Background. In the health literature, wealth is often overlooked as a measure of socioeconomic status.
Objectives. We explored the association between wealth and various health outcomes, namely: hypertension, obesity, smoking, self-reported general health status (GHS) and mortality.
Methods. We used data from the Panel Survey of Income Dynamics (PSID), a longitudinal study of a nationally representative US population. PSID data from 1984 to 2005 were used to evaluate the association between wealth and mortality and GHS and data from 1999 to 2005 to explore the relationship between wealth and hypertension, smoking and obesity. Inverse probability weights were employed to handle time-varying confounding and to estimate both relative and absolute measures of effect. Wealth was defined as inflation adjusted net worth and specified as a 6 category variable: a category for those with less than or equal to 0 wealth and 5 quintiles of positive wealth.
Results. In the fully adjusted model, the risk of becoming obese was inversely related to wealth; there was a 40% to 89% higher risk of becoming obese and 11 to 25 excess cases of obesity (per 1000 persons) among the less wealthy groups relative to the wealthiest quintile. Smoking initiation had a similar but more moderate effect, while hypertension incidence had a weak association with wealth, showing fewer excess cases (between 4 and 9) among the less wealthy groups. There was a 17% to 54% higher risk of falling into poor health and 6 to 22 excess cases of poor health (per 1000 persons) among the 4 less wealthy groups relative to the wealthiest quintile. The overall wealth-mortality association revealed between a 25% and 83% increased risk and between 2 and 5 excess cases of death (per 1000) among the less wealthy compared to the wealthiest.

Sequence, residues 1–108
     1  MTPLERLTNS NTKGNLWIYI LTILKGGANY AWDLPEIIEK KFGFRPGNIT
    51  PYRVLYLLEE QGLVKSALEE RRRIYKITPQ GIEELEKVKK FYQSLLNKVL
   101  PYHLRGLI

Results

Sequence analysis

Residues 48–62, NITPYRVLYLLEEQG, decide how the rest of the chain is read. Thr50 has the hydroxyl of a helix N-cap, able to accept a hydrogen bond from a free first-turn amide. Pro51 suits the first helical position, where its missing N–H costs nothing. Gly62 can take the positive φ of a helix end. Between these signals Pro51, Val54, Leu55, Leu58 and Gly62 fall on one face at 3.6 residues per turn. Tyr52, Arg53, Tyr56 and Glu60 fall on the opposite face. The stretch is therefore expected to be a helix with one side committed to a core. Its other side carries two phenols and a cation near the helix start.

Conclusion. There is a strong inverse association between wealth and incidence of obesity, poor health status and mortality, a moderate inverse association between wealth and smoking initiation and a weak inverse association between wealth and hypertension incidence. Wealth is a useful measure of SES and should be considered by future health researchers.
|Advisor:||Kaufman, Jay S.|
|Commitee:||Hamoudi, Amar, Rose, Kathryn M., Siddiqi, Arjumand A., Thomas, James C.|
|School:||The University of North Carolina at Chapel Hill|
|School Location:||United States -- North Carolina|
|Source:||DAI-B 71/05, Dissertation Abstracts International|
|Subjects:||Social structure, Epidemiology|
|Keywords:||Cardiovascular disease, Mortality, Socioeconomic status, Wealth|
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